Town council elections in Dewey Beach are just eight weeks away. No candidates have yet filed to run, but three seats are up for election: Mayor Diane Hanson and commissioners Anna Legates and Joy Howell.
Hanson said she plans to run for re-election and hopes to remain town mayor. She was first elected in 2007 and has served as mayor for the last three years. “There’s a lot of things I feel I need to continue to work on,” she said.
In particular, Hanson said, she feels businesses need to contribute more to fund town operations. “The town has spent a lot of money on cameras, barricades, a parking system,” Hanson said. “Primarily for the businesses.”
Hanson, Legates and Commissioner Gary Mauler recently cast votes to oppose a gross receipts tax on businesses. Commissioner Courtney Riordan, who spearheaded the proposal, and Howell voted in favor of the tax.
Hanson said she wants to give businesses an opportunity to come up with an alternative proposal. If no alternative is presented by March, she said, the gross receipts proposal is back on the table.
Volunteer group Citizens to Preserve Dewey issued a July 24 statement accusing Town Manager Marc Appelbaum of lobbying against the tax. “Our town manager lobbied the council to cancel Friday night’s vote completely, and that action along with others he has taken in concert with the business community cause us grave concern about his involvement in the politics and policies of the town,” CPD stated. Budget and finance committee member Joan Claybrook, who lobbied for the tax, is on the CPD steering committee.
Appelbaum said it is his duty as town manager to defend the town, and a vote to establish a gross receipts tax would have been legally challenged by in-town businesses. “I want to avoid costly lawsuits, especially ones where we are uncertain of the outcome,” he said.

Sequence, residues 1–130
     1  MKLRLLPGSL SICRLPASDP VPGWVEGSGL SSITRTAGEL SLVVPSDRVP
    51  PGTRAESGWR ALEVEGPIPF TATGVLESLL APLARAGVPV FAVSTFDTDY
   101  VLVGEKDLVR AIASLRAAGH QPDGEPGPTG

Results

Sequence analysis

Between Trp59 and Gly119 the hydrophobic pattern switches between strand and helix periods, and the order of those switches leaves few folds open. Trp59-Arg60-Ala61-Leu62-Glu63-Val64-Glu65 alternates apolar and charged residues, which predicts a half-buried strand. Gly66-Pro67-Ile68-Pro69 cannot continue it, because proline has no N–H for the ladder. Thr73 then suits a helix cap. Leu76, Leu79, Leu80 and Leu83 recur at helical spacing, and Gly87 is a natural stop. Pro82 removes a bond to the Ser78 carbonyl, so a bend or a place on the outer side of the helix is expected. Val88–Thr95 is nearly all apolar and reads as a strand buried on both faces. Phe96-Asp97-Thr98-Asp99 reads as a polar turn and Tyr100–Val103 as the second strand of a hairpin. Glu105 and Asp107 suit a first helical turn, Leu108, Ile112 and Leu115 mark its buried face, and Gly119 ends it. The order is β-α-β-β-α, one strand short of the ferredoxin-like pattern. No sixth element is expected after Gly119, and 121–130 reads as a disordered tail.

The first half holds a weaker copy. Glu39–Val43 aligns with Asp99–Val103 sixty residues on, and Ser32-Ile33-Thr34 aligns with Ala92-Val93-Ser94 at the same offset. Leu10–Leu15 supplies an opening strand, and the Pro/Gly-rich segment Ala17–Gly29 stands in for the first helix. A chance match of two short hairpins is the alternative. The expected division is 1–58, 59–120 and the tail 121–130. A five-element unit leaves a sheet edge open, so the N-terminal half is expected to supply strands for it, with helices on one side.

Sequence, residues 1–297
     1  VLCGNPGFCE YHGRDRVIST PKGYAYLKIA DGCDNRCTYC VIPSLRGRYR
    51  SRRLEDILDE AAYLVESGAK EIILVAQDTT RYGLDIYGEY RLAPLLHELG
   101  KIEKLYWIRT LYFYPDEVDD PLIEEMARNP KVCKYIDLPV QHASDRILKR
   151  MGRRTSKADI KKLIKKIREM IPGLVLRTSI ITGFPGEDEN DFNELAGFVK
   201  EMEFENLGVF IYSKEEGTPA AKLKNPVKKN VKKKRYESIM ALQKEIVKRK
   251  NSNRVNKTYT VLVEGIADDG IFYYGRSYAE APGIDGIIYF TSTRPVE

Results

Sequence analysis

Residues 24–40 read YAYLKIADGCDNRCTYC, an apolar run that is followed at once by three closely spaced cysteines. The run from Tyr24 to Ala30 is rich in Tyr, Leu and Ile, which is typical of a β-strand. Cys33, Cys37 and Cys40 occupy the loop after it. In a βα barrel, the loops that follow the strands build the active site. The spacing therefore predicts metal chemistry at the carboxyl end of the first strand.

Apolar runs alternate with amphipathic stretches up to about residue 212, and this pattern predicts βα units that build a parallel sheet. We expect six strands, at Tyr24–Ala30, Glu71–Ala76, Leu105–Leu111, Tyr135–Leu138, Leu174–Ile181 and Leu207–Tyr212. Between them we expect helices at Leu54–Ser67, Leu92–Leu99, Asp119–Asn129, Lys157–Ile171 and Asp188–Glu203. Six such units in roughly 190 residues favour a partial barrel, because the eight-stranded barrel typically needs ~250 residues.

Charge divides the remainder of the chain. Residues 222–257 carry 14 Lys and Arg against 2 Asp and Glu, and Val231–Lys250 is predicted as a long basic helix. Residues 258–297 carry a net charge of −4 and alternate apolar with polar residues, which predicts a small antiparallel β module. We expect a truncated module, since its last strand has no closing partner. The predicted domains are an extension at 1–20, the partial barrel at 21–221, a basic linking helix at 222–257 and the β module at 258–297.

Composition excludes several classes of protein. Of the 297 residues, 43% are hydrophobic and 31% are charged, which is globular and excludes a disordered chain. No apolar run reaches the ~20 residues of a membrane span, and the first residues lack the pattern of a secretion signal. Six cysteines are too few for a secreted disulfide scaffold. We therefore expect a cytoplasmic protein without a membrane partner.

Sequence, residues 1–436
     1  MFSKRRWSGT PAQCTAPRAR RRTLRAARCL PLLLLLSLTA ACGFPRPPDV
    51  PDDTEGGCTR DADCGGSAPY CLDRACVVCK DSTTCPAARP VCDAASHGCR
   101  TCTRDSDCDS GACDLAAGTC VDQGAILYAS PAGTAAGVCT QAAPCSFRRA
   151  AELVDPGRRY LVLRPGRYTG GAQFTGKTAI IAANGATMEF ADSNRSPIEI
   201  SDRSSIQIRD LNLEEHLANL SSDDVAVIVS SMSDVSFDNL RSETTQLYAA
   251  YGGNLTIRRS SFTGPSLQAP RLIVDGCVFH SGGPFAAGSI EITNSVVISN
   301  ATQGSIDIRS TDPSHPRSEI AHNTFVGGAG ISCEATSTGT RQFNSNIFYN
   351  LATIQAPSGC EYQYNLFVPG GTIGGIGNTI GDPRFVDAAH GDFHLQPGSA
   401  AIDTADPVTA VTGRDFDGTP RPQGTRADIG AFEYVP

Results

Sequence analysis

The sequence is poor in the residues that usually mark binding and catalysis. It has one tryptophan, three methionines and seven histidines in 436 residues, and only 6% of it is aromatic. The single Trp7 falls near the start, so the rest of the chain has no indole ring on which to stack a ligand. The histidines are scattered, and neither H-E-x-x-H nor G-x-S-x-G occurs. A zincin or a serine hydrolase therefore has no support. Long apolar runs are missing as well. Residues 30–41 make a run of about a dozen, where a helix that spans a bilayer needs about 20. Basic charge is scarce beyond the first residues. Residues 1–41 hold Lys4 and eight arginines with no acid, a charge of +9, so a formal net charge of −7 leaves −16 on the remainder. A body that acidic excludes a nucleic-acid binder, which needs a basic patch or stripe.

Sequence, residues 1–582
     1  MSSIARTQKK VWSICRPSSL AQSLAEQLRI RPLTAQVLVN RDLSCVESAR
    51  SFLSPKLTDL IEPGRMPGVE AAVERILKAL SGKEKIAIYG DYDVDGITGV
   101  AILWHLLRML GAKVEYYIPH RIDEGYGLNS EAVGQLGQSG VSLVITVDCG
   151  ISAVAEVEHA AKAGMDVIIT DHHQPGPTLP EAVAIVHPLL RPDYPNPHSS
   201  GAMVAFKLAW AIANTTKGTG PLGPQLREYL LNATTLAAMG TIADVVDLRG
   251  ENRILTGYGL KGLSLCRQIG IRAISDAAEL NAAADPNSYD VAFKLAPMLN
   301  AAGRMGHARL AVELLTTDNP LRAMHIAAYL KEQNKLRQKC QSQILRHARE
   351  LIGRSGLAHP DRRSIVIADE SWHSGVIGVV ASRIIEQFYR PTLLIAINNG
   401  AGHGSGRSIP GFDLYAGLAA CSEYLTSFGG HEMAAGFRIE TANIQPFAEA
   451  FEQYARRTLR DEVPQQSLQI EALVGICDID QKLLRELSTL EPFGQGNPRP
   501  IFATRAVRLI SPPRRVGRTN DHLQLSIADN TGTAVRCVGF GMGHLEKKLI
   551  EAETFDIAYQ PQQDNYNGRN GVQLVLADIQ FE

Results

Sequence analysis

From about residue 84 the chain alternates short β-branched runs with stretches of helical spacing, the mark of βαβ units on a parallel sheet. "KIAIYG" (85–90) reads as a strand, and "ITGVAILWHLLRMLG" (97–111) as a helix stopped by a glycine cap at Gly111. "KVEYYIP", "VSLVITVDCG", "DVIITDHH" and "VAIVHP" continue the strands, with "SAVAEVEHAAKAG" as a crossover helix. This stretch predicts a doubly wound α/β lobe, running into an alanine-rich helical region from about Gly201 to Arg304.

Hanson said she also wanted to avoid lawsuits the tax could bring; the current plan allows businesses to weigh in on new revenue streams.
Hanson also said the business community has been cooperative in the town’s attempts to lower noise. In the next two years, she said, she would like to continue to address noise issues, increase recycling services in town, improve landscaping and control litter. “We’ve accomplished a lot,” she said. “That progress needs to continue.”
Hanson said she is hoping the election will not be as contentious as previous years. “I’m hoping we’ve turned a corner in being more cooperative,” she said. “It’ll be nice to have a situation where you can govern without all the conflict with a competent town manager.”
Commissioner Joy Howell, who supported putting the gross receipts tax to a referendum vote, said she was disappointed Hanson, Legates and Mauler voted against the measure.
“It is disturbing to see that a vote of the people could be voted down by this council. That makes me want to run again,” she said.
Howell, a CPD co-founder, ran for her first term in 2011, shortly after the town signed an agreement to allow the construction of Ruddertowne in excess of the 35-foot height limit in exchange for certain town amenities.
CPD was vehemently opposed to the agreement and endorsed Hanson, Howell and Legates in 2011 for speaking out against it. Legates and Howell replaced two commissioners who voted in favor of the agreement.
Of the gross receipts tax vote, Howell asked, “Does this signal a pro-business tilt on Dewey Beach Town Council again?”
Howell said she has not yet decided whether she will run for re-election. “It’s been really interesting, and I’ve enjoyed it,” she said.
Howell said she needs time to decide whether she has time to balance her obligation on council with her business – Washington, D.C., based Cambridge Strategic Partners. “I’m not retired,” she said.
Legates also ran for her first term in 2011 and received more votes than any other candidate. She said she plans to run for re-election to help facilitate harmony within Dewey Beach.
“Fortunately, only four months ago, council approved the town manager’s annual budget with a $200,000 surplus,” Legates said in an email. “I want to ensure that an improved economy has a positive effect on Dewey’s quality of life.”
Appelbaum said no one has officially filed to run in the Saturday, Sept. 21 race. “We’re poised, we’re set, we’re ready for an election,” he said.
Eligible candidates have until 5 p.m., Thursday, Aug. 22, to file.